I may not have mentioned it before, but my husband brews his own beer as a hobby. One of the byproducts of the brewing process is large quantities of spent grain– wheat, barley, or other grains that have been boiled for a while and which would otherwise be thrown away afterwards. We usually end up with several pounds of the stuff for each batch of beer, and it seems like such a waste to discard it, so I went looking for recipes to make something out of it. Bread seemed the obvious choice.
It turns out there are dozens of recipes out there for spent grain bread. My husband tried one on his own but it turned out dense and crumbly– I don’t think he kneaded it enough, or maybe he added too much flour to combat the stickiness– so I tried my own version based on a recipe online.
It turned out pretty well– the grain provided a sweet, nutty flavor and a nice texture to the finished bread, though I think I could’ve kneaded it a bit more and also baked it somewhat longer– my loaf was a little crumbly when sliced and slightly gummy when eaten. But I think that this recipe is a good starting point– I just need better bread instincts!
I fried up a bunch of bacon last week to make a savory bread pudding (for the record, it was kale/bacon/onion bread pudding and it was amazing), and found myself with almost half a cup of leftover bacon fat. I poured it into a ramekin to chill in the fridge, and set about trying to figure out what I could use it in.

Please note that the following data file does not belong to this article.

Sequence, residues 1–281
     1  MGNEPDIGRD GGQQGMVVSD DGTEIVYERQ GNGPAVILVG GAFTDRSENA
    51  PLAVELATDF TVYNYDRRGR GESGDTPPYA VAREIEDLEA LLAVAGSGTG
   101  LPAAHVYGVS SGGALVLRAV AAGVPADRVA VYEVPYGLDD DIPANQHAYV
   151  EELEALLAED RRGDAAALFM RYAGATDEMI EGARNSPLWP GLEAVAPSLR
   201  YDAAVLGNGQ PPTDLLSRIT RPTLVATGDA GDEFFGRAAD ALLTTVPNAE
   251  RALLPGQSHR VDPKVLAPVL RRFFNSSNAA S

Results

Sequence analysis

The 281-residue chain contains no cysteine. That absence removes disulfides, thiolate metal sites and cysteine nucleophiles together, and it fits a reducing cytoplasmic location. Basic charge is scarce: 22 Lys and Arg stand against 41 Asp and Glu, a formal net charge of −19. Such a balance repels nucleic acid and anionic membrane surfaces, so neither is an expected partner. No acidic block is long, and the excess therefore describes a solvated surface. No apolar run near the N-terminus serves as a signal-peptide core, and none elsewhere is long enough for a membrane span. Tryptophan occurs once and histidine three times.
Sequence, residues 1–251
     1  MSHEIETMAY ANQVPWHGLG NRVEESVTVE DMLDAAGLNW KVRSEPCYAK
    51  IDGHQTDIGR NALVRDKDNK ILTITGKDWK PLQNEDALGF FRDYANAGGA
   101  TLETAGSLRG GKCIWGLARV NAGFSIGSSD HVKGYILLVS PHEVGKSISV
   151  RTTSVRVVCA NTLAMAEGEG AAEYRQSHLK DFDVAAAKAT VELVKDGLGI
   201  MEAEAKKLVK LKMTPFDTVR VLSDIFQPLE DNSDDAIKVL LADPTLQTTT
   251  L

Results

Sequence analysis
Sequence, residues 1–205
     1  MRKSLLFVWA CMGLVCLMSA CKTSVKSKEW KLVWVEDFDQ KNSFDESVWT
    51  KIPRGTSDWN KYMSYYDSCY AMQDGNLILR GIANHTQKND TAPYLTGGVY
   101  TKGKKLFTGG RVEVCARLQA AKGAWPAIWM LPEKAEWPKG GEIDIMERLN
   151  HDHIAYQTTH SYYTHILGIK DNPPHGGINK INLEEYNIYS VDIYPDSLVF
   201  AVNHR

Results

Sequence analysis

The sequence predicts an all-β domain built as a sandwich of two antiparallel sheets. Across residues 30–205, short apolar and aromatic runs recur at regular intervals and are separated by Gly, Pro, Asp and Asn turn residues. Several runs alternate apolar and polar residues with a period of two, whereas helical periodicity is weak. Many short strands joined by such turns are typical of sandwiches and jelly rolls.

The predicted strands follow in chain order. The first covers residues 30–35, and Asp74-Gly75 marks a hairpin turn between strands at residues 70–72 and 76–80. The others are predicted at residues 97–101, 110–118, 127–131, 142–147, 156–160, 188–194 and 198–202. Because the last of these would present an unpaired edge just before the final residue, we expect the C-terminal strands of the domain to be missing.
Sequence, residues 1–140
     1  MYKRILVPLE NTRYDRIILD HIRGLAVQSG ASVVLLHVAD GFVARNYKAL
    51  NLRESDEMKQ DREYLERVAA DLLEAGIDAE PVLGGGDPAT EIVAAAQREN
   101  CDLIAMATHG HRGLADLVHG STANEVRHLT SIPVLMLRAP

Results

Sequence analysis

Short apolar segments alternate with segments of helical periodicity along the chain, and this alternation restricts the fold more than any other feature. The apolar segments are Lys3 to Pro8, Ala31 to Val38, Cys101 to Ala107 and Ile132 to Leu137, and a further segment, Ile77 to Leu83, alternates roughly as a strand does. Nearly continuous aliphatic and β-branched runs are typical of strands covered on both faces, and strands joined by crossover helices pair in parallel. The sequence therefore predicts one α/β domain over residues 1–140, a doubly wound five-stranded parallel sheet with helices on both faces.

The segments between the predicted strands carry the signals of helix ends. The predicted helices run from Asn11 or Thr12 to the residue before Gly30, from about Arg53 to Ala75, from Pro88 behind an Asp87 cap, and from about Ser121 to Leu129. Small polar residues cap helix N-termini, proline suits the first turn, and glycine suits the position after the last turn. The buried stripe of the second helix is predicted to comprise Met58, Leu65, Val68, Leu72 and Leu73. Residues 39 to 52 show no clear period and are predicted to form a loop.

With the advent of chillier weather, biscuits seemed to fit the bill nicely. I decided to substitute chilled bacon fat for butter, and to punch up the flavor with some wilting green onions and some cheddar cheese I found in the fridge. Basically these biscuits were a delicious way to use my leftovers, and they turned out wonderfully!
This past weekend I was trying to decide what kind of sandwich to bring to a historical picnic. It had to be easy to eat– nice, neat bites and no dribbly sauces or chunks that might fall out and stain my outfit– and not require too much refrigeration. It couldn’t get soggy over time, or squish too easily in my picnic basket, and of course it had to be both tasty and somewhat refreshing in the hot weather.
I settled on radishes as a must-have ingredient, basically because I like them and they’re crunchy, and after a little googling I found a recipe for a radish sandwich paired with a green pea and avocado spread. While I was a little concerned that the avocado would brown unattractively, the combination sounded interesting, so I gave it a try.
I actually really like these– they’re nice and peppery, both from the radish and the dash of hot sauce, and the avocado adds richness while the peas add sweetness. You can make the spread the night before and cover it tightly to avoid browning, and even the radishes can be pre-sliced as long as you store them in a bowl of cold water in the refrigerator to keep them nice and crisp. Just be sure to dry them thoroughly before assembling your sandwich!
If you like, you could make these on tiny triangle toasts and serve them open-faced as well!